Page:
10 tips from Stanford University
Trial and error is an accepted path for developing your firm’s web site and content. However, once it’s up, will people trust the information that’s on it? One way to fast-forward the process is to learn from experts in the field, and many consider Stanford University a pretty robust community of experts when it comes to things digital. After three years of research by it’s Persuasive Technology Lab (and interviews with 4,500 people), they’ve pared the information to 10 basic tenets for creating a credible site. Treat this column as a pop quiz, and grade your company’s site after you’ve run through the list.
1- Make it easy to verify the accuracy of the information on your site. You can build web site credibility by providing third-party support (citations, references, source material) for information you present, especially if you link to this evidence. Even if people don’t follow these links, you’ve shown confidence in your material.
2- Prove there’s a real organization behind your site. Showing that your web site is for a legitimate organization will boost the site’s credibility. The easiest way to do this is by listing a physical address. Other helpful features are a photo of your office or listing a membership with the chamber of commerce.
3- Highlight the expertise in your organization. Do you have experts on your team? Are you contributors or service providers authorities? Be sure to give their credentials. Are you affiliated with a respected organization? Make that clear. Don’t link to outside sites that are not credible – your credibility suffers by association.
4- Show that honest and trustworthy people stand behind your site. Show there are real people behind the site and in the organization. Next, find a way to convey their trustworthiness through images or text. For example, some sites post employee bios that tell about family or hobbies.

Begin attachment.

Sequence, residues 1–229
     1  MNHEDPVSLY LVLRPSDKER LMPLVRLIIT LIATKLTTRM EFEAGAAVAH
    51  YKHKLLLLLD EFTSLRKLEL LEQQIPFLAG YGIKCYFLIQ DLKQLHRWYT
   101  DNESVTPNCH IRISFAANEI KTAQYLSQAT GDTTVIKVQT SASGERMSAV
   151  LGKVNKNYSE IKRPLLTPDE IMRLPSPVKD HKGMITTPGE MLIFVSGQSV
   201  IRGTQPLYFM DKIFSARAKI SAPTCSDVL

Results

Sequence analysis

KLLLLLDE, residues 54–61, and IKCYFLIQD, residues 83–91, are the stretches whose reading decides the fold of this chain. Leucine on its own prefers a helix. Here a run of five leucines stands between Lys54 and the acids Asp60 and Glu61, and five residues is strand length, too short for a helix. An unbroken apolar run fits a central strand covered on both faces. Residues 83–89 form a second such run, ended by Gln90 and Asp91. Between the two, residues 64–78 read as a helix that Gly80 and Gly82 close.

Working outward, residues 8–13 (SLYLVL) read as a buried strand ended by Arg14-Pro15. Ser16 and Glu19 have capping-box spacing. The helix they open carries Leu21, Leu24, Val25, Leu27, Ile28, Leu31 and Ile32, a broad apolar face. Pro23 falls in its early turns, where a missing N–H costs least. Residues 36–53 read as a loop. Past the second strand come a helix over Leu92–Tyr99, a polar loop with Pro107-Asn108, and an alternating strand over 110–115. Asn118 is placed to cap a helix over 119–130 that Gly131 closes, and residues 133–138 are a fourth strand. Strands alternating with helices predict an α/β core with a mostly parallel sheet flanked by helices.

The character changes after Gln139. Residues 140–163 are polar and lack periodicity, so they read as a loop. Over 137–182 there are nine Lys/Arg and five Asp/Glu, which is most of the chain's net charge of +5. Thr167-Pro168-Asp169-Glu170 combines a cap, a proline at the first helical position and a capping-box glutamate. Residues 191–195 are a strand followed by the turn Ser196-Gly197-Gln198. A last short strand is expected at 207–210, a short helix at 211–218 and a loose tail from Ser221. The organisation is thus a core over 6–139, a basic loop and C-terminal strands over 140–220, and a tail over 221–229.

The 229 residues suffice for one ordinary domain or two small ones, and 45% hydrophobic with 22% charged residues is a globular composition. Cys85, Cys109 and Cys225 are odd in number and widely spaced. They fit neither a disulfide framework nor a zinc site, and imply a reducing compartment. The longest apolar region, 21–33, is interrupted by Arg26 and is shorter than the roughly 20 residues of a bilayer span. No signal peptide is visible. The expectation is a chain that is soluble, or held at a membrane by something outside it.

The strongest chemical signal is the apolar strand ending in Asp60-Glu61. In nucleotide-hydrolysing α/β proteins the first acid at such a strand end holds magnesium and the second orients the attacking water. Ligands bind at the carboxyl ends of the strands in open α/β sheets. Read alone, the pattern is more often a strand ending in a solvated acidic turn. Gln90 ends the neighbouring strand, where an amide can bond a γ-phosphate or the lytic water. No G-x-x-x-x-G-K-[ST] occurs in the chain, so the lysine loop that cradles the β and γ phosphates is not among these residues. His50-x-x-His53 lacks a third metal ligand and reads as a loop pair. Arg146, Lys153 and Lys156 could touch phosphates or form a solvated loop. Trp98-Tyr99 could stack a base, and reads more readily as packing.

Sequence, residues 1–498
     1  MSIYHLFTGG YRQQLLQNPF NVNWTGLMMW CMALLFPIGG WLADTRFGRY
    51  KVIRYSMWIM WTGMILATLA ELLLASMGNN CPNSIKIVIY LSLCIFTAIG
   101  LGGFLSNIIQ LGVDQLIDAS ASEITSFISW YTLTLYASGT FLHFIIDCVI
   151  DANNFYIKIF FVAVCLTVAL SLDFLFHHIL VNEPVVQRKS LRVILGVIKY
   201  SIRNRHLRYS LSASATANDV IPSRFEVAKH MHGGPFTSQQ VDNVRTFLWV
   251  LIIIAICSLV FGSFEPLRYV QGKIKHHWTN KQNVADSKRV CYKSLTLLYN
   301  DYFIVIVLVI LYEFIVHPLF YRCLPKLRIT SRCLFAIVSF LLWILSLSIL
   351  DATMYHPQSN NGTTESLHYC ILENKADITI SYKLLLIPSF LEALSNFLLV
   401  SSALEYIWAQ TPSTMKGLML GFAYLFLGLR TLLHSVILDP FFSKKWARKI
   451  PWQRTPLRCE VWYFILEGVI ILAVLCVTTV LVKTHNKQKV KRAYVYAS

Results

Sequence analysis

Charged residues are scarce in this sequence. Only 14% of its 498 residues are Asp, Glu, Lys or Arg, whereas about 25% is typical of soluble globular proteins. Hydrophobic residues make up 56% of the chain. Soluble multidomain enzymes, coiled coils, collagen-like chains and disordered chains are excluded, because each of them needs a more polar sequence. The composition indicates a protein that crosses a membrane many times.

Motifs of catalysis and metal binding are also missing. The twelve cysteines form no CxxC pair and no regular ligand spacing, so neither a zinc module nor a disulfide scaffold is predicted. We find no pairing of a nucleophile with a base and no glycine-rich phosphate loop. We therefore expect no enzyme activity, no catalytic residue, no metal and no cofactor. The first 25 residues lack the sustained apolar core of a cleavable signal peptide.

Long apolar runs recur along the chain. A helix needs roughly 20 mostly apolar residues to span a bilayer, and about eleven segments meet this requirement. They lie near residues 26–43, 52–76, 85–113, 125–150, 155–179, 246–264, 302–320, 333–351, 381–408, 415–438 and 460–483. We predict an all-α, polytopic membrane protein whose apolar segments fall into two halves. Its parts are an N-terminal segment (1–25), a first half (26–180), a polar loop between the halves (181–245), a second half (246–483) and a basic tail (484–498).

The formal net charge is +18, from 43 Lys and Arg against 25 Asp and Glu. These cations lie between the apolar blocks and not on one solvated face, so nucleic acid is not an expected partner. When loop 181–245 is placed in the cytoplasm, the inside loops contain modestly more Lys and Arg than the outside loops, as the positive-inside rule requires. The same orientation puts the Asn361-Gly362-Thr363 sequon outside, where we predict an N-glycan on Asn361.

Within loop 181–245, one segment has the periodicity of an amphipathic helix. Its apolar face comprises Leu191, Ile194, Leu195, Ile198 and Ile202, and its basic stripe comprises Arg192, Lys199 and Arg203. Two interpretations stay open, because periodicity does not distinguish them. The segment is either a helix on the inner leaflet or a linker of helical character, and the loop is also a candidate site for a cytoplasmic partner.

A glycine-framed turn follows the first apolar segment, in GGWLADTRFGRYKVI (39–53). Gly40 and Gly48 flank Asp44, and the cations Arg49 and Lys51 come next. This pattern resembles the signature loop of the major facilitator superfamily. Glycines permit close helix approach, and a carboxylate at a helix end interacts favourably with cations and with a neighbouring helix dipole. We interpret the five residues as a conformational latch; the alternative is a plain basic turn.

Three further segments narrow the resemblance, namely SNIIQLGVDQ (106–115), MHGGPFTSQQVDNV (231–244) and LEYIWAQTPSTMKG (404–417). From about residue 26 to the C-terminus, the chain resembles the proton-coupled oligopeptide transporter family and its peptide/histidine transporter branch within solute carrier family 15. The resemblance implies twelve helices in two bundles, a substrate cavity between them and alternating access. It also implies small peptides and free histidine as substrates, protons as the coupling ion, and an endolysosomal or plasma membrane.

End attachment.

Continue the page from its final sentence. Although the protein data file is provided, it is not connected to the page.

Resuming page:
5- Make it easy to contact you. A simple way to boost your site’s credibility is by making your contact information clear: phone number, physical address and email address.
6- Design your site so it looks professional. People quickly evaluate a site by visual design alone. When designing your site, pay attention to layout, typography, images and consistency issues. Of course, not all sites gain credibility by looking like IBM.com. The visual design should match the site’s purpose.
7- Make your site easy to use – and useful. Our research shows that sites win credibility points by being both easy to use and useful. Some site operators forget about users when they cater to their own company’s ego or try to dazzle visitors with new web technology.
8- Update site content regularly. People assign more credibility to sites that show they have been recently updated or reviewed.
9- Use restraint with promotional content (e.g., ads, offers). If possible, avoid having ads on your site. If you must have ads, clearly distinguish the sponsored content from your own. Avoid pop-up ads, unless you don’t mind annoying users and losing credibility. The writing style should be clear, direct and sincere.
10- Avoid errors of all types, no matter how small they seem. Typographical errors and broken links hurt a site’s credibility more than most people imagine. It’s also important to keep your site up and running.